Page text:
A year out, conservative columnists are giddy with the prospect of taking over the Senate. They point to Obama’s falling approval ratings and the health care debacle as the beginning of the end. One conservative writer even said the current polling numbers are what “wave elections are made of.”

Look, the Obamacare roll out has been a mess. Nobody disputes that. The danger, as Charlie Cook points out, is that the public begins to see the entire administration as incompetent, not good for the party that says government can help. But it’s a long way from George Bush’s second term and the Democratic wave election of 2006.

By this point in 2005, we were still deeply embroiled in the Iraq War. Despite assurances from the administration that the war would be short, it wasn’t going well, with increasing casualties and the admission that there were no weapons of mass destruction. The economy had also begun to falter, with housing starts in the tank and a stagnant economy. With that backdrop, Katrina hit. The war in Iraq did not get better over the next year, neither did the economy and Katrina exposed more than incompetence. It laid bare racial divisions and an aging American infrastructure.

Pundits are using poll numbers to make long range predictions. While polls are useful tools, they’ve become too ubiquitous and given far too much predictive power. They don’t tell the future. They are a snapshot in time.

Maybe Obamacare is the beginning of the end for Democrats. But I’m betting that what happens over the next 12 months has more influence on the 2014 election cycle than what is happening today. The American attention span is at an all time low and what we are worrying about now may be irrelevant in a very few months.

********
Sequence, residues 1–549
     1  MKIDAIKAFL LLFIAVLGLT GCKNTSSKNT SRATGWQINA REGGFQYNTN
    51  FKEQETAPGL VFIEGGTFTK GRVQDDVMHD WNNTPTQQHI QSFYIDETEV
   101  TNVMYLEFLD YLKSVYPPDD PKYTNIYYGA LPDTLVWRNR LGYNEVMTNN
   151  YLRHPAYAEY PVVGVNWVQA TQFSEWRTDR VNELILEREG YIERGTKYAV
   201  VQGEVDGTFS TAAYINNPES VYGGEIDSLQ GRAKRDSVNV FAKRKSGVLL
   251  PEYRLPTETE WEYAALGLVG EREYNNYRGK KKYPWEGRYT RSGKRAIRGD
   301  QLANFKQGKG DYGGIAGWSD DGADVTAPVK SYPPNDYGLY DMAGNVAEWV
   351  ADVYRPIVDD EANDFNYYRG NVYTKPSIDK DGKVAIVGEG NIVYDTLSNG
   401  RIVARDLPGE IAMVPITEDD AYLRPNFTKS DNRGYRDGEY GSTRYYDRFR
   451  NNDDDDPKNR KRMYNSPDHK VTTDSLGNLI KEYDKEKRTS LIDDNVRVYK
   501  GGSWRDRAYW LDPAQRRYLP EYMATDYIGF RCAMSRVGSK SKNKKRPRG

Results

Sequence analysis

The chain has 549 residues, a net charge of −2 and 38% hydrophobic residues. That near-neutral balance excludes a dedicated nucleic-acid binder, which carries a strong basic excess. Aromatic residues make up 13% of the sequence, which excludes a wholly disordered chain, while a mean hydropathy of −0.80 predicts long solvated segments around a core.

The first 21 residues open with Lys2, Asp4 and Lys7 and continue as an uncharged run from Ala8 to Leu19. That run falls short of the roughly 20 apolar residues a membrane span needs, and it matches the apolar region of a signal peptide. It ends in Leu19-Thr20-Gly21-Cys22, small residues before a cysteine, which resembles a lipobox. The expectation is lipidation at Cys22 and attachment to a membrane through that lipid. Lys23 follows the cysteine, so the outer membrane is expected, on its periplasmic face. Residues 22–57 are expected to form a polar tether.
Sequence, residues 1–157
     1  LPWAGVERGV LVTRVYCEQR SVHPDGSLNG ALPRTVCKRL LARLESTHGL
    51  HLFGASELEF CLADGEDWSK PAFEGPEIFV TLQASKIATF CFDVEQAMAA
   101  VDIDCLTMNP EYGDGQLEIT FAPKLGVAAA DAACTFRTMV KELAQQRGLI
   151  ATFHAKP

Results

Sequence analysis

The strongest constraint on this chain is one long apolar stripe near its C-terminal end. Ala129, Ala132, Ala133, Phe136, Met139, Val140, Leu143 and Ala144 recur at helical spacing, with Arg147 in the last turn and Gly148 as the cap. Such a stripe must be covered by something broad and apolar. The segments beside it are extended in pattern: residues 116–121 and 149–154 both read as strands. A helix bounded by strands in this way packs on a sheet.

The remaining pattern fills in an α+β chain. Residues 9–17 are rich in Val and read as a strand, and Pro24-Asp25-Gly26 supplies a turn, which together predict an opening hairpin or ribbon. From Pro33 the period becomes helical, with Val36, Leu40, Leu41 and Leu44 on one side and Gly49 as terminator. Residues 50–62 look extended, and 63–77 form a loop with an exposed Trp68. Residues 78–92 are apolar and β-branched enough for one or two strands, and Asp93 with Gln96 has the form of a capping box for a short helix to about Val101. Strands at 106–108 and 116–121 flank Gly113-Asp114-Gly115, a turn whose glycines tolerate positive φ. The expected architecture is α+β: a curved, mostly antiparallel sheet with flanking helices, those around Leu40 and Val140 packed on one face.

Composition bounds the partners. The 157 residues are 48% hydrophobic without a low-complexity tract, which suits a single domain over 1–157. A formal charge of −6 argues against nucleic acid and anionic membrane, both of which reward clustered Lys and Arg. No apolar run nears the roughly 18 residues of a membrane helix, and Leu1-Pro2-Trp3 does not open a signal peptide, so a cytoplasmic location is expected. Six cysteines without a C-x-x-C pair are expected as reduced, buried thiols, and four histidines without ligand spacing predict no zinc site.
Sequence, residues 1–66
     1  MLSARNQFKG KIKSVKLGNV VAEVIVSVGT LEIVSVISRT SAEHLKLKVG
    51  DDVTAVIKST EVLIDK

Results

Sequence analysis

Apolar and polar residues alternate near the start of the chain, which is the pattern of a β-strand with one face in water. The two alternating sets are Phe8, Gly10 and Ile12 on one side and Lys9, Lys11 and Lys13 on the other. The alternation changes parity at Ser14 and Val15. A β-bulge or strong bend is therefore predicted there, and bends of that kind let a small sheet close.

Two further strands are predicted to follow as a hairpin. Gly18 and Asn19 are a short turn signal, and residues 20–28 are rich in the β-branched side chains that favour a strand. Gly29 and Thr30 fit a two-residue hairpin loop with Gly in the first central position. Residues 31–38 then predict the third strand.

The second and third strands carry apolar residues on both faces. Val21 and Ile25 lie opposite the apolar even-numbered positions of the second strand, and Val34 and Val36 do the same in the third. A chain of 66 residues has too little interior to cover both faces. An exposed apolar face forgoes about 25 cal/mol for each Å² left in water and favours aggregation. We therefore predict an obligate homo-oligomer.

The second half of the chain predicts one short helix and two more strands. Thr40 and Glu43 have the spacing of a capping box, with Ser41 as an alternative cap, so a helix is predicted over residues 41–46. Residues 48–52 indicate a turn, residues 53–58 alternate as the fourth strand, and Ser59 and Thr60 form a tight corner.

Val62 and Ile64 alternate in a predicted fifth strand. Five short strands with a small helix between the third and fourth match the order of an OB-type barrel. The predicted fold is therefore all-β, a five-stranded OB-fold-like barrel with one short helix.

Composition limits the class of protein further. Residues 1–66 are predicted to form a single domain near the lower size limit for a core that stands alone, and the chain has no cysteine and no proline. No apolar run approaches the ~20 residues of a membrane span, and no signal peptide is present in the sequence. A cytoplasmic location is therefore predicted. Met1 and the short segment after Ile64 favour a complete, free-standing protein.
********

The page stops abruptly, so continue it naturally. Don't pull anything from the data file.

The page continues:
At some point, most Americans are going to wake up to find that Obamacare has actually had very little impact on their day-to-day lives and all that Republican howling was just crying wolf. If the economy continues to improve, the deficit continues to drop and more people are finding themselves employed, I bet Democrats do alright. In contrast, if Republicans continue to nominate wing-nuts and the party is seen as obstructionist, they could find themselves on the short end of the electoral stick.

Really, though, who knows? I’ll make my predictions next summer.

Thomas Mills is the founder and publisher of PoliticsNC.com. Before beginning PoliticsNC, Thomas spent twenty years as a political and public affairs consultant. Learn more >

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